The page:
I bought some rod at the local hardware store, cut off pieces from it, then turned them in collets to the correct size for holding the ferrules. I can use these to thin the ferrule tabs or to polish the ferrules while turning in the lathe, or I can use them out of the lathe to give me something more to hold on to whilst polishing on my buffing machine. The rod is very inexpensive, comes in three feet lengths, and available in a variety of sizes by sixteenths.

    For polishing, I use a variety of compounds, depending upon the extensiveness of the polishing, all applied with multiple sewn cotton wheels stacked against each other to give some width.

    I have an independent motor I use to turn the buffing wheels. When I polish something in the lathe, it is only to bring up the luster of an already highly polished part. Then I use a piece of polishing cloth, like from REC, held against the turning part on the mandrel in the lathe.  (Martin-Darrell)

      What holds them into the homemade collet?  (Adam Vigil)

        The collets are lathe collets that grip the rod for the turning. Collets tend to be more accurate than a chuck. The ferrules are a friction fit on the mandrels. I turn then so that they are a very snug fit. No pictures. Just imagine a .250 rod turned down to .1875 for approximately 1.25".  (Martin-Darrell)


Just 10 minutes ago I put a butt section in my drip tank and FORGOT TO MASK THE FERRULE.  The section is dripping as I write this and I'm a little stumped as to what to do...

What is the best way to clean out this ferrule?  Should I immediately soak it in turps?  Wait for it to dry?

Run screaming off a cliff?  (Joe West)

    I don't know what kind of varnish you are using, so here are two  answers.  For either a poly or a more traditional spar, I would first clean out the wet ferrule with a Q-tip and acetone.  Just do the best you can without disrupting the wet varnish on the cane.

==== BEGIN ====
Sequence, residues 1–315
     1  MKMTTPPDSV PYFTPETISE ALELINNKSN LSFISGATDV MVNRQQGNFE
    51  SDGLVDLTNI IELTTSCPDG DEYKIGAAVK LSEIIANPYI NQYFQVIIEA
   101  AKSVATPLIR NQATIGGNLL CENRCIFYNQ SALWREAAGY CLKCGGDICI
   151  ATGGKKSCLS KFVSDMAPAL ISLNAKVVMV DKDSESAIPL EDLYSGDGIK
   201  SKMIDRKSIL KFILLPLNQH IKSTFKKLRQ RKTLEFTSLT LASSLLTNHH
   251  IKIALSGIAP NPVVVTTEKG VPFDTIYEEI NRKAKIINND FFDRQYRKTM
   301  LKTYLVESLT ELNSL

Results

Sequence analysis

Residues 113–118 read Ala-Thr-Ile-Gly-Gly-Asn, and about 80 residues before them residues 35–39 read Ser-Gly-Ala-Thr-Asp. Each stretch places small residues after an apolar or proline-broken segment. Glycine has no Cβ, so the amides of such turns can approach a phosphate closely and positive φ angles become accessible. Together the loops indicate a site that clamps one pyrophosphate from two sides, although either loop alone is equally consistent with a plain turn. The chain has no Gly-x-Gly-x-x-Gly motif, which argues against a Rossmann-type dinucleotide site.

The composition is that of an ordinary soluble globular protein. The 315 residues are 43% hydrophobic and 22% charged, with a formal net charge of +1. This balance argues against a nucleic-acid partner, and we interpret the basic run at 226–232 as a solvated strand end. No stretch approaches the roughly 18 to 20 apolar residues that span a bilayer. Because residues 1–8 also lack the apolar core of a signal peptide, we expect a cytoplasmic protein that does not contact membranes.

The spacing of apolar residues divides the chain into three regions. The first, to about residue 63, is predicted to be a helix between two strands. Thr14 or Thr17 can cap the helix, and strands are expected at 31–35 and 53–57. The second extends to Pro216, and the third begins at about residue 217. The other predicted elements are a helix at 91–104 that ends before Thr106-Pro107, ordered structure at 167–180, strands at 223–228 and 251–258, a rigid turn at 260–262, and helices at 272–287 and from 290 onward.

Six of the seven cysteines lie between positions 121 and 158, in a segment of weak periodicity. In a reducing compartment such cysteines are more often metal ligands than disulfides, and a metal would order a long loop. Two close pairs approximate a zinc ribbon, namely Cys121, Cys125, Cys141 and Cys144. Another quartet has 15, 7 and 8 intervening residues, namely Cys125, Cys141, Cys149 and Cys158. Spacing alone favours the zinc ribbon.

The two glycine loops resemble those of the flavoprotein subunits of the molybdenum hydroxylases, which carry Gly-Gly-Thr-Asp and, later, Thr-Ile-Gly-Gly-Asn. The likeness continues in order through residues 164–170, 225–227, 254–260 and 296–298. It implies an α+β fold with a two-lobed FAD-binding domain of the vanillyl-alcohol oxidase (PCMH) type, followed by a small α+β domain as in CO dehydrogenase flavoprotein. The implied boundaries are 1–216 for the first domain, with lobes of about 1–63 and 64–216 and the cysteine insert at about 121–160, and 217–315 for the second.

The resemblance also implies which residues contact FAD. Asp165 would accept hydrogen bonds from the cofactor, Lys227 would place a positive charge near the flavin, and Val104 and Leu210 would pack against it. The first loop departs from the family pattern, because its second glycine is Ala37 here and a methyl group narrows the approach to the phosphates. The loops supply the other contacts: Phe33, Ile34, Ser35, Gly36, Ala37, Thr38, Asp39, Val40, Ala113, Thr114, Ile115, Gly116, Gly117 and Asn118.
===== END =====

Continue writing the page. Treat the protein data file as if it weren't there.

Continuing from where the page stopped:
If you are using a poly that needs additional coats before the undercoats dry all the way, then finish the rod and do the final ferrule cleanup with acetone or Formby's  Finish Remover  and a Q-tip later.  Be sure to mask off what you need to protect.

    If you are using a more traditional varnish that allows you to apply additional coats most anytime, let your first coat dry hard, and do the Formby's or acetone clean up on the inside of the ferrule and outside too.  Then proceed to complete the rod as usual.

    As long as you have a water seal in the ferrule, you haven't really created that big of a problem.  (Chris Lucker)

      I have NO acetone. I do have PVC cleaner which is a mix of MEK and acetone.  Any reason not to use this?  (Joe West)

        That will work.  (Carey Mitchell)

    Let the varnish dry.  Mask off the bamboo and use varnish remover to clean the ferrule.  Use some polishing compound to blend the sharp edge left by the tape.  (Ted Knott)

    I would just let dry and then clean everything with denatured alcohol.. Don’t stress on it.  (Dave Henney)


When I varnish a rod. I tape up the ferrules using 3M masking tape.  After the last coat of varnish has hardened, I try to cut a nice even edge to the varnish using a razor blade before removing the tape.  Nonetheless, I sometimes still end up with a ragged edge to the varnish. What do you do? Any suggestions are welcome.   (Mark Lenarz)